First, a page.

The front lines of a catastrophe are marked by frenetic activity amid myriad hazards. Survival in such an environment can hinge on lessons and technologies resulting from disaster research – such as sensors to detect victims in rubble, safety equipment to neutralize toxins, modern building codes to withstand bomb blasts and a carefully planned emergency response to minimize aftereffects.
When a major disaster strikes, rapid-response researchers can arrive on site within days to collect data before it is lost to erosion, vandalism or reconstruction. After the Indian Ocean tsunami of 2004, U.S.
researchers rushed to the devastated regions to assess the wave damage, study reconstruction efforts and determine how to rebuild to withstand future tsunamis.
Such response is familiar to the research community. From Hurricane Camille to the 2001
terrorist attacks to Hurricane
Katrina, researchers have raced to disaster sites to learn important lessons before the clues vanish.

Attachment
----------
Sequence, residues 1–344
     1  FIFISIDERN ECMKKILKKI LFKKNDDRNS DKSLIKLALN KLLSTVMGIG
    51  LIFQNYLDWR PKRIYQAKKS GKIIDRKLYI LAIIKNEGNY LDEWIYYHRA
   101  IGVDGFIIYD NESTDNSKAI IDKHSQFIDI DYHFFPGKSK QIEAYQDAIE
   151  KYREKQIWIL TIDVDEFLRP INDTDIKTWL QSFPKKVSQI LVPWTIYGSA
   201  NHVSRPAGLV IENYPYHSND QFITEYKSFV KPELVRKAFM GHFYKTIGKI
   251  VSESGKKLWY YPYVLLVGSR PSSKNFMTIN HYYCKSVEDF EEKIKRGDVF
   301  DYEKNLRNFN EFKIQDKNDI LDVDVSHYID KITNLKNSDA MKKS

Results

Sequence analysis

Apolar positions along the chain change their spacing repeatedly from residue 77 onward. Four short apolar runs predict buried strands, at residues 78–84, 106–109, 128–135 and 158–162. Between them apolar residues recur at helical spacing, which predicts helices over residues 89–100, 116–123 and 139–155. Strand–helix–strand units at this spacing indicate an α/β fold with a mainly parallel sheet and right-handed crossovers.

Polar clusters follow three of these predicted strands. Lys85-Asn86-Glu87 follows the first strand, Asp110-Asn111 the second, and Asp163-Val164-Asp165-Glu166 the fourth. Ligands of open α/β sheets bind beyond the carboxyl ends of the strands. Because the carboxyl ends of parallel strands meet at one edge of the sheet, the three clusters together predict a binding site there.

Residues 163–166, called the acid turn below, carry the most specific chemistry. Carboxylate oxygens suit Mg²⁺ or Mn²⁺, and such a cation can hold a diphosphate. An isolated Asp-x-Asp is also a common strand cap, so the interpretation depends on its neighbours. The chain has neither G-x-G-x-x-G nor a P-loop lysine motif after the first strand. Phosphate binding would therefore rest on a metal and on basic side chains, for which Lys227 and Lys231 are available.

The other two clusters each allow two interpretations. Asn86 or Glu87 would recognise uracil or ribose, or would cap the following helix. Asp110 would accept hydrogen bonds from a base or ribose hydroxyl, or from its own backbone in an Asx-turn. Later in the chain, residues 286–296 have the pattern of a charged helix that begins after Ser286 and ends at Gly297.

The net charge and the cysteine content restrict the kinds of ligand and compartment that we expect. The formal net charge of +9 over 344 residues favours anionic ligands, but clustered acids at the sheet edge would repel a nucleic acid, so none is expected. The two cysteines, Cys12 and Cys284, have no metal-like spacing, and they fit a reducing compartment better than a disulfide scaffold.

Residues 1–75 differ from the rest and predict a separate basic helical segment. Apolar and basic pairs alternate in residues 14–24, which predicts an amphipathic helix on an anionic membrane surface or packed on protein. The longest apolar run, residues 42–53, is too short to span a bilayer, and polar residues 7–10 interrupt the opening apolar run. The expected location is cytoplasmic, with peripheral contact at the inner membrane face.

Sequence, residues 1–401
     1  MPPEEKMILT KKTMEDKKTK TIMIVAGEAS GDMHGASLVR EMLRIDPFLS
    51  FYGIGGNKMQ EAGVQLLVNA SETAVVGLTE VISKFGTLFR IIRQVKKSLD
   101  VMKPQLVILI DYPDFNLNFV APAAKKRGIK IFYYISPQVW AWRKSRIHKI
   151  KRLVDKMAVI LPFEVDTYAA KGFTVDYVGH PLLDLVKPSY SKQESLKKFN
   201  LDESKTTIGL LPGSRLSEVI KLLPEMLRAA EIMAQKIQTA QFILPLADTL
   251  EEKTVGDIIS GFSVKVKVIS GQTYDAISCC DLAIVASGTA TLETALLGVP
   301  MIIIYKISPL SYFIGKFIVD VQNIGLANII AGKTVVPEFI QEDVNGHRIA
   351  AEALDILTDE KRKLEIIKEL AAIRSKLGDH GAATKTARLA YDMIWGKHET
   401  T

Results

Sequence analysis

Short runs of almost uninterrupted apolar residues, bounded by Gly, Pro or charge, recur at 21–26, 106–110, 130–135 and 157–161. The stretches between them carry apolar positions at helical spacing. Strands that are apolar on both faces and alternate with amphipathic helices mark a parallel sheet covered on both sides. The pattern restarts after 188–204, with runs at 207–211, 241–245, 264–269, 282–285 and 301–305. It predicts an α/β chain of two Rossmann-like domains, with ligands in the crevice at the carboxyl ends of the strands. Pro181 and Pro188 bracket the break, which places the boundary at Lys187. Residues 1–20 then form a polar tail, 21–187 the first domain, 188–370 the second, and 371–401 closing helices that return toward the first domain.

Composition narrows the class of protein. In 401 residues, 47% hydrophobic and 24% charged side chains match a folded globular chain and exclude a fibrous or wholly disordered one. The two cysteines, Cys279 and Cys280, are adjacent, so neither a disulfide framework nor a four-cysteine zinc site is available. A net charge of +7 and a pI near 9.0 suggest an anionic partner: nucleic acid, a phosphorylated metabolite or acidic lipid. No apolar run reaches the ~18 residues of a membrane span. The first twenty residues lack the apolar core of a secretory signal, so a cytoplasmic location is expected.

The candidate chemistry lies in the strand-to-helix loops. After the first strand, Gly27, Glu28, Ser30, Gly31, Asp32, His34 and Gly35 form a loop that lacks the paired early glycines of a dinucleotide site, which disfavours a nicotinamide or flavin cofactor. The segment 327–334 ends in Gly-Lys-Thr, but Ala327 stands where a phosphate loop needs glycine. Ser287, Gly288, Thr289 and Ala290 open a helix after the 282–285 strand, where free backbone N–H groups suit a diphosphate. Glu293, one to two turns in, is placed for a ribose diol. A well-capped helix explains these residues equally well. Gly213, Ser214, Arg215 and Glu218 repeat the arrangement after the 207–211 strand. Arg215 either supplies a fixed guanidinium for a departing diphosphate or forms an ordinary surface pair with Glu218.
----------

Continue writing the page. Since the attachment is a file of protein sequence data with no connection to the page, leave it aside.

Many NSF rapid-response researchers not only study disasters, but also play an active role in rescues by providing both technology and field expertise.
In the aftermath of the 2001 attacks, researchers used rescue
robots to search for victims in the demolished buildings in New York. After Hurricane Katrina in 2005, members of that same research team participated in the search
and rescue effort in Mississippi.
Whether searching for victims, setting up communications equipment or helping to rescue pets, members of the research community can have a direct and vital role in disaster response while gathering valuable information to apply to future crises.
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